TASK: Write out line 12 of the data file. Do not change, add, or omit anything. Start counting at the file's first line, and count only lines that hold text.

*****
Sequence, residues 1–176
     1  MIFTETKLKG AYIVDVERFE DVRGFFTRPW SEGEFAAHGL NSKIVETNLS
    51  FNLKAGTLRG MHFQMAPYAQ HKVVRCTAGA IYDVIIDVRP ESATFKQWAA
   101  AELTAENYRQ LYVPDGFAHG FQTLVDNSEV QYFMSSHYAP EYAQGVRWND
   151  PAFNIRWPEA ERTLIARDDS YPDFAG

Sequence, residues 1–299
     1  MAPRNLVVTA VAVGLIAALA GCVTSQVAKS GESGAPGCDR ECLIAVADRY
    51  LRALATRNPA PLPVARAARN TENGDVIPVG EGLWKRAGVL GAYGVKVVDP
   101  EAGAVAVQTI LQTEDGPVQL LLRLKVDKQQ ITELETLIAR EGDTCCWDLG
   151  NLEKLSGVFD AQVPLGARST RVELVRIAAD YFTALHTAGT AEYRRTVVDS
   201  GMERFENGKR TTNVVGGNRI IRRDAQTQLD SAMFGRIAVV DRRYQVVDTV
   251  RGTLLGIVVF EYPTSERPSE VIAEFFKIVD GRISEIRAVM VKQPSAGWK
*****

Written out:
   251  RGTLLGIVVF EYPTSERPSE VIAEFFKIVD GRISEIRAVM VKQPSAGWK